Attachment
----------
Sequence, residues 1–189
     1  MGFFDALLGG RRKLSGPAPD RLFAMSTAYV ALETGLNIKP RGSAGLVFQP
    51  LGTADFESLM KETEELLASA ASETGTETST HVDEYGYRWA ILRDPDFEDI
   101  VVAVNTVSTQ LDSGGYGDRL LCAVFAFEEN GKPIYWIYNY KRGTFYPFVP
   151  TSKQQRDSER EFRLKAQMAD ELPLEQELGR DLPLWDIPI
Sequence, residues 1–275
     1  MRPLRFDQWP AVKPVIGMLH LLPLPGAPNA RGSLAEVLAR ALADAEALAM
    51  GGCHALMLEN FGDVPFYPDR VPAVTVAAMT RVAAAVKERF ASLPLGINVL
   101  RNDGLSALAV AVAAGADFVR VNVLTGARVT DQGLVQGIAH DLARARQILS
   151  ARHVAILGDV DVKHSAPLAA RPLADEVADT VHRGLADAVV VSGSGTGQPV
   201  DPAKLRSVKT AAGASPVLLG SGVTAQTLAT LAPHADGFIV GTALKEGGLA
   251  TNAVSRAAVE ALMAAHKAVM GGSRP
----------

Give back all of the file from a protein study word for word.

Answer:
Sequence, residues 1–189
     1  MGFFDALLGG RRKLSGPAPD RLFAMSTAYV ALETGLNIKP RGSAGLVFQP
    51  LGTADFESLM KETEELLASA ASETGTETST HVDEYGYRWA ILRDPDFEDI
   101  VVAVNTVSTQ LDSGGYGDRL LCAVFAFEEN GKPIYWIYNY KRGTFYPFVP
   151  TSKQQRDSER EFRLKAQMAD ELPLEQELGR DLPLWDIPI
Sequence, residues 1–275
     1  MRPLRFDQWP AVKPVIGMLH LLPLPGAPNA RGSLAEVLAR ALADAEALAM
    51  GGCHALMLEN FGDVPFYPDR VPAVTVAAMT RVAAAVKERF ASLPLGINVL
   101  RNDGLSALAV AVAAGADFVR VNVLTGARVT DQGLVQGIAH DLARARQILS
   151  ARHVAILGDV DVKHSAPLAA RPLADEVADT VHRGLADAVV VSGSGTGQPV
   201  DPAKLRSVKT AAGASPVLLG SGVTAQTLAT LAPHADGFIV GTALKEGGLA
   251  TNAVSRAAVE ALMAAHKAVM GGSRP